Life is busy. We all have our plates to juggle, and when we factor in a global pandemic, those plates just spin faster and higher. Often it can be easier not to address your child’s eating challenges; to carry on as you are rather than making potentially difficult changes. If you ARE making some changes and you’re part of a couple, it’s super important to be sure that you are both happy with how you are sharing the physical and the emotional labour.
Some of the things feeding professionals recommend in relation to ‘picky eating’ (such as a clear, consistent structure for meals and snacks and careful menu planning) can be time consuming and take mental and emotional strength. For example, if your child is used to helping themselves to milk whenever they want and you decide to end this practice, you may be met with opposition as your child tests whether the new boundary is here to stay. Change can be really tricky for kids; it is often those same children who like things to be predictable and consistent, who also struggle with food.
If you are part of a couple and you are addressing your child’s eating, there is nothing worse than feeling that you are on your own with it. Well, actually there is something worse: feeling like your partner is not on the same page as you and is actually opposing the changes you want to see happen.
Perhaps you are happy with the balance in your household. In some families, responsibility for meal planning and food preparation is split 50/50. In other families, one partner does the shopping and cleaning, another does the cooking. Or maybe you work but your partner doesn’t, so they do all cooking and cleaning.
There is no right way but what does matter is how you feel about the way tasks are shared. Does it feel good to you? Have you agreed it mutually so that you are both happy with it and is it working for you both? Is there an imbalance which may be part of wider gender assumptions in your relationship?
What if you’re doing it all but you like it that way? It can be difficult to explore, but consider asking yourself if this comes from a need to control rather than because this is a fair way to split household tasks. Might you be de-skilling your partner because you are better at cooking and so you take full responsibility for all the meals? Is there scope for them to cook some meals each week or take a turn at the shopping and meal planning? Or perhaps your approach works for everyone, in which case, if it ain’t broke, don’t fix it!
It’s hard to be spontaneous about food when you’re helping children become more confident eaters. You need to include accepted foods at every meal and snack in a way that is both as varied as possible and nutritionally sensible. You also need to ensure that your child is being exposed to non-preferred foods at the family table.
There is a lot to consider: what do you want to eat? What can they eat? Can you serve dishes in ways that make them more accessible? Can you plan in accepted foods so that they dovetail with what you’re eating where possible? So if your child eats naan bread and you’re cooking a curry, both get served at the same meal, helping your child edge one teeny step closer to enjoying family foods rather than seeing themselves as separate and different. This type of planning requires careful thought.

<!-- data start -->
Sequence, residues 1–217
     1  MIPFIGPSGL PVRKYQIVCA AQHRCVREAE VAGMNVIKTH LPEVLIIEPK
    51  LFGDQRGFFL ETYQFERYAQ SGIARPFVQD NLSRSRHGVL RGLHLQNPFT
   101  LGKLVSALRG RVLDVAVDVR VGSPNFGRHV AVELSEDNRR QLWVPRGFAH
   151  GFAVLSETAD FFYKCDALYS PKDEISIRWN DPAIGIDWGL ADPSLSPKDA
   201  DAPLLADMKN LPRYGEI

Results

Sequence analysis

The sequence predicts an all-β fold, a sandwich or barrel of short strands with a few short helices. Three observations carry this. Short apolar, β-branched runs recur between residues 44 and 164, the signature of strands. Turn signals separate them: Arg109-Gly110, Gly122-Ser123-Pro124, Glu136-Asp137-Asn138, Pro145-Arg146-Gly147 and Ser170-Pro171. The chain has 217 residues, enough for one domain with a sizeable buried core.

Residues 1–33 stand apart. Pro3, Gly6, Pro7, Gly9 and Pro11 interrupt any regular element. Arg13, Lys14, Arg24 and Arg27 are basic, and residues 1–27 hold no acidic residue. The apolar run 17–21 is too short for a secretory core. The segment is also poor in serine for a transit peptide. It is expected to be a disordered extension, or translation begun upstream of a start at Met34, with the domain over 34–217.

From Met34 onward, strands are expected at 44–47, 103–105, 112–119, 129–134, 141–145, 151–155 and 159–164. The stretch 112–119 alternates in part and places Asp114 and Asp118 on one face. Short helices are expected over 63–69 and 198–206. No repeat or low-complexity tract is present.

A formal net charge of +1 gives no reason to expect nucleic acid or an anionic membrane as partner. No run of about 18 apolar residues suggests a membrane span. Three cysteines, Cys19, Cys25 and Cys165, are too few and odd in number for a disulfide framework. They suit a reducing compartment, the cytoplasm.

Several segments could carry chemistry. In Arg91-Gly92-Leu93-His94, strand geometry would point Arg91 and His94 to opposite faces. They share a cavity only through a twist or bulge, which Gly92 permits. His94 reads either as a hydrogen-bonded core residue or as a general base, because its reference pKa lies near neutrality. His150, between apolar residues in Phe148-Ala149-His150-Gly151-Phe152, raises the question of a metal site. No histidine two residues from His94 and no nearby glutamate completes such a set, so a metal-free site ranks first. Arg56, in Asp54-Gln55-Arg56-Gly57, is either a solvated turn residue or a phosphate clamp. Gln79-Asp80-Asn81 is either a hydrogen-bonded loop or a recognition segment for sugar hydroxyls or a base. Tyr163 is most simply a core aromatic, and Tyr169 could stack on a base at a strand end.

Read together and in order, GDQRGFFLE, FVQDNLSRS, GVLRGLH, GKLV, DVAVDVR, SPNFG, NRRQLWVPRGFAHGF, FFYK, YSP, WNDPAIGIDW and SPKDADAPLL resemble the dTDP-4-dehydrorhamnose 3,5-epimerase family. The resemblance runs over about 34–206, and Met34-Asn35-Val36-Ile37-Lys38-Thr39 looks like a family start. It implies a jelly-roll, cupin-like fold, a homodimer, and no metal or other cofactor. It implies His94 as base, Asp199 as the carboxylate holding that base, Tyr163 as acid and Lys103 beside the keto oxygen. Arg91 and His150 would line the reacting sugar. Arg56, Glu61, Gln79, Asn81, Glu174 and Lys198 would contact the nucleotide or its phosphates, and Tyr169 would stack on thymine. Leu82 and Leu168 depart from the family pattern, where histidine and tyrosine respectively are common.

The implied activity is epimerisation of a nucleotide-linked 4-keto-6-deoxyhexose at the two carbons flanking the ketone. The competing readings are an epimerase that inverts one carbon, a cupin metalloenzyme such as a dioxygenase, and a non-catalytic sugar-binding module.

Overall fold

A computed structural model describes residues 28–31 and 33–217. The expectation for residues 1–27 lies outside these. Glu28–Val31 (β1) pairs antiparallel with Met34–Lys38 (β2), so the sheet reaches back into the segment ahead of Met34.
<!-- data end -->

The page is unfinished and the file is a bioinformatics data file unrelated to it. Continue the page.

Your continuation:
If you are eating together as a family – which is great for all kids, regardless of their relationship with food – if you are the person who has put in all that ‘behind the scenes’ work, it can follow that it’s also on you to be in charge of how your child’s eating is handled. Feeding is your domain. And this can mean that you have a greater understanding of what you’re trying to do to improve things, but also that the weight of it is all on your shoulders.
There are lots of reasons why couples may not be singing from the same hymn sheet. Maybe one person has a better understanding of feeding theory because they have been the one to attend appointments or read feeding resources. It could also stem from different backgrounds and feelings about food. Maybe your partner is very into nutrition and is therefore insistent that your child eats their veggies. Perhaps they were forced to eat everything on their plates as a child. This may have left them with an instinct to be very permissive, letting your child graze throughout the day rather than sitting down to structured meals. It is possible that one of you finds it much harder not to give into pressure to prepare an alternative meal or an extra snack.
When life is busy, it isn’t easy to make time to address difficult subjects. If you can set a couple of hours aside to talk this through though, it could make such a huge difference to how you feel about parenting a child who finds eating hard.
At the very least, try and agree that when you have a difference of opinion about feeding, you talk about this later, away from the table and away from your child. Mealtime conflict makes eating worse and that is just as true when the conflict is between the adults as when it is between an adult and a child.
Together is stronger, but it can take some honest reflection and discussion to come to a unified place.
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